Vikie gasped, her mouth hanging open and arms too stiff with surprise to slap her hands over her lips in a failed effort to take back her words. She, Vikie Manners, daughter of Lisa Manners and Claire Fields, had just come out to being straight. Or at least to finding a guy attractive. To her co-worker Marie Fellding, the wanna be punk daughter of Dr.Phil.
Marie dropped her O magazine in her lap, swinging her legs down from the checkout counter to lean over it instead to get in Vikie’s face, who had been restocking the candy bars just below it.
“You? Straight? I remember the scandal you caused when you kissed Heather Beir during recess in fifth grade.”
She and Marie weren’t really friends, they had been standoffish enemies in high school, but now in college they found themselves both working the closing shift in a rarely visited campus convenience store. Now, it might be better to classify them as annoyance buddies – who ever annoyed the other one the most during the shift got the prize of sitting back and doing nothing while the other restocked the shelves before they could leave.
Still, Vikie hated it when high school or middle school, or elementary school too now, cropped up in conversation. It was a sure way to get her irritated, which Marie knew and used as a very successful weapon in their twice-weekly competition. But Marie had already won tonight, there was no use to bring out the big guns and reduce her to microscopic particles.
Vikie blushed at the memory, and then scowled. That mess with Heather was awful as it drew a line through the small town they lived in. Some had sided with her moms, others with the Beirs, and the local paper had a field day posting the scathing letters the two couples wrote to each other under the guise of letters to the editors. They wouldn’t talk to each other in person. The result was that Vikie and her family had moved, due to Claire’s job, but two years later they were back for Vikie to start 8th grade. The Beirs ended up moving out of town around the same time, and Vikie always secretly thought it was because of her.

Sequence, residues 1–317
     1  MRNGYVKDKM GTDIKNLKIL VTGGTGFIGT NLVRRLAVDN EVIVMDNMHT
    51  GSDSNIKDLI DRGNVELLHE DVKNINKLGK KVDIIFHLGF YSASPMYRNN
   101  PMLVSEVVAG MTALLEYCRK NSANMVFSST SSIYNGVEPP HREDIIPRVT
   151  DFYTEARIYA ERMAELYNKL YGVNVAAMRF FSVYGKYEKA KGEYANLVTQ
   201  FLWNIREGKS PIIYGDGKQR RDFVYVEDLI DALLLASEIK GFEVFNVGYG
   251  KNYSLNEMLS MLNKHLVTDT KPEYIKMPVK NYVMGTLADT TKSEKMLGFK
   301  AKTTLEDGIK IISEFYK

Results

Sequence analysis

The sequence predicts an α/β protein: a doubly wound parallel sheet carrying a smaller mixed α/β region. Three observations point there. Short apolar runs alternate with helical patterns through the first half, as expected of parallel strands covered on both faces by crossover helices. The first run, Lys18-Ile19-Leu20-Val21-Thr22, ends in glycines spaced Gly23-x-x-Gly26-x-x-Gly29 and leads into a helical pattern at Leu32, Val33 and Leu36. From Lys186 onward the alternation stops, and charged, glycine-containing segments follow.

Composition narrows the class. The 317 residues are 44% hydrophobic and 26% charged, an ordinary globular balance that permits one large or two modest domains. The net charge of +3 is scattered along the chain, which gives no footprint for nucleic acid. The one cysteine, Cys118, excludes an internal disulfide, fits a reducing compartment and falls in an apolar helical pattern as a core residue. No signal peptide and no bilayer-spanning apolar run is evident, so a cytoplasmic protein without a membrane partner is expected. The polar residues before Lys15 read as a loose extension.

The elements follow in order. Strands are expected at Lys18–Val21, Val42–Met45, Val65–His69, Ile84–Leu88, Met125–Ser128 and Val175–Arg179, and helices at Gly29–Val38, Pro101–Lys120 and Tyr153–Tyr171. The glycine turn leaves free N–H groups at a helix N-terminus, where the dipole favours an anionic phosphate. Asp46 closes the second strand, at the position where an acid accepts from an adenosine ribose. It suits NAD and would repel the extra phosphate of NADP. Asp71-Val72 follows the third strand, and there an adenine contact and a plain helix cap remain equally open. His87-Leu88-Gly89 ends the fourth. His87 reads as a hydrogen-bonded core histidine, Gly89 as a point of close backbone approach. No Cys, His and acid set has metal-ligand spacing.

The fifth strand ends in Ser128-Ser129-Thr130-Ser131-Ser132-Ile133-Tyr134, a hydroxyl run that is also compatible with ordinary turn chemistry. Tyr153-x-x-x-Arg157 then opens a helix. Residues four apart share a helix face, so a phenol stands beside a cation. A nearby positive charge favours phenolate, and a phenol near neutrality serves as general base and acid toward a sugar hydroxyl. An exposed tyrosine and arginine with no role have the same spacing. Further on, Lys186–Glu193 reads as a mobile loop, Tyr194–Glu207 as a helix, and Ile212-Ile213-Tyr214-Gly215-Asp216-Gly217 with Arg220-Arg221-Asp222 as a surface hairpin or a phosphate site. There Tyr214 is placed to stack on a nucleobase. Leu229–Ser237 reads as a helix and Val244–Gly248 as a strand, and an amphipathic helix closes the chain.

Marie didn’t seem to notice her discomfort though. “And I remember you and Mary Fletcher used to share ice cream cones the summer after 8th grade. And in our junior year you dated some girl from Darth right? I remember hearing all about you guys making out in hallway during the Frosty Formal.”
All things which again isolated Vikie at school.
“I get it!” She snapped. “Me, the girl who has been lesbo since birth, is actually straight!” Vikie slammed Snickers bars into their mesh basket, people would by a few tomorrow and find them smooched with caramel on the inside of the wrapper.
“But let’s back up a bit.” Marie circled her finger in a counter-clockwise direction. “Erin, the girl who hates you, annoys you, more than me I might add, who you think is a prissy little bitch, and yet is also the person who used a guest meal pass on you when you were out of swipes for the week, who you also offered shared an umbrella with, because you secretly like her, like I said last week and the week before that – that girl. You’re finally admitting that you like her?”
Vikie yanked the Skittle case towards her. “Yes,” she grumbled. “I’m admitting the person I’ve been annoying you with for the past two months is actually someone I’m crushing on.”
“And,” Marie drew out, trailing off in an invitation to have Vikie finish.
“And this person is a boy Aaron, not a girl Erin. Name is spelled with an ‘a’ and everything. “
“Fuck, you’re not kidding. Your face is bright pink.”
Which went lovely with her strawberry blonde hair, Vikie was sure. She refused to look up and see the gleeful expression that was sure to be on Marie’s face.
“But, what happened to being a lesbian. Are you not one anymore than?”
Vikie looked up, Marie’s face over the counter was actually pensive and the comment wasn’t snide.
She paused to think about it. To her, being a lesbian was natural. She had been attracted only to girls and was raised by two moms. Being straight was, was, well wrong. And weird. And totally not cool. Her moms would be so disappointed.
“Hot or not?” Marie asked, shoving Oprah’s cover image into her face.
“I’ve never been attracted to Oprah.”
“Oh, what about her?” Marie flipped pages to a perfume ad with a scantily clad model. Brunette. Vikie had a thing for those.
“So you’re bi then.”
Vikie went back to work, more careful than she had been earlier, and didn’t answer. Bi, wouldn’t her moms love that.